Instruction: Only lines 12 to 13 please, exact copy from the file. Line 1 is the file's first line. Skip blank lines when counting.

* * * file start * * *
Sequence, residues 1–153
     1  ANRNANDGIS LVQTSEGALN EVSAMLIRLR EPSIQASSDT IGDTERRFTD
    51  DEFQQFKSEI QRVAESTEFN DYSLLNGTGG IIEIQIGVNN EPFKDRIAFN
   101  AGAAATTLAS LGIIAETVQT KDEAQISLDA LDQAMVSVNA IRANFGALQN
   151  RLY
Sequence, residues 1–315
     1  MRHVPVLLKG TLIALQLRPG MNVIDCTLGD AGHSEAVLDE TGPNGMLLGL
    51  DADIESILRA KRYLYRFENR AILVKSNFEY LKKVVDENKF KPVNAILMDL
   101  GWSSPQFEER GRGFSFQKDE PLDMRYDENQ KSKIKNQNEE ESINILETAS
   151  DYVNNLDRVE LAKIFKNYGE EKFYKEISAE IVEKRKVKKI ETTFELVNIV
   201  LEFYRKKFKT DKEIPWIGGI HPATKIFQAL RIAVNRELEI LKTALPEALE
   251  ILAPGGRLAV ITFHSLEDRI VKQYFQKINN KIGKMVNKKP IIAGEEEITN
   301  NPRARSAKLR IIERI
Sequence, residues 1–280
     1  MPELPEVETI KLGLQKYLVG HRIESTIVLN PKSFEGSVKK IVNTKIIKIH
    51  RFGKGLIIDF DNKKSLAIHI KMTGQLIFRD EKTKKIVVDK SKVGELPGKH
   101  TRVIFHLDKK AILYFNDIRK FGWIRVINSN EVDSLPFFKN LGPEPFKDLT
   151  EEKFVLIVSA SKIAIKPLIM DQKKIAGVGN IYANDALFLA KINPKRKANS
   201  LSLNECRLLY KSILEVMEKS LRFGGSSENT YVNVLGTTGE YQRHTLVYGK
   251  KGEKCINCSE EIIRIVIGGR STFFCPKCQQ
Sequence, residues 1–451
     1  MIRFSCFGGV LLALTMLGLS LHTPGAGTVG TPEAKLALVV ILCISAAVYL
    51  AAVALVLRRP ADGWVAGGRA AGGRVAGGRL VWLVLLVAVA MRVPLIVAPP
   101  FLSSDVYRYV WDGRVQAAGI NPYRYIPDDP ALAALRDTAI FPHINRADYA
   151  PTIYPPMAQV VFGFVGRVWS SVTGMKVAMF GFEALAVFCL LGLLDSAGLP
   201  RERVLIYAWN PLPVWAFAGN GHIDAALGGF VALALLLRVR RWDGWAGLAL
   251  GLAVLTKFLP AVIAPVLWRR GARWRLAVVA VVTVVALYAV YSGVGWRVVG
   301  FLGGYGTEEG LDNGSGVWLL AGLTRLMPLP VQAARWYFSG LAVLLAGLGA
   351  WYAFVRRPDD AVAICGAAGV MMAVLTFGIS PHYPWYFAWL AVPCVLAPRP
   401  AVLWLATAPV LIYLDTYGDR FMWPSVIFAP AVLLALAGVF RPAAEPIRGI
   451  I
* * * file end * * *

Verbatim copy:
   251  ILAPGGRLAV ITFHSLEDRI VKQYFQKINN KIGKMVNKKP IIAGEEEITN
   301  NPRARSAKLR IIERI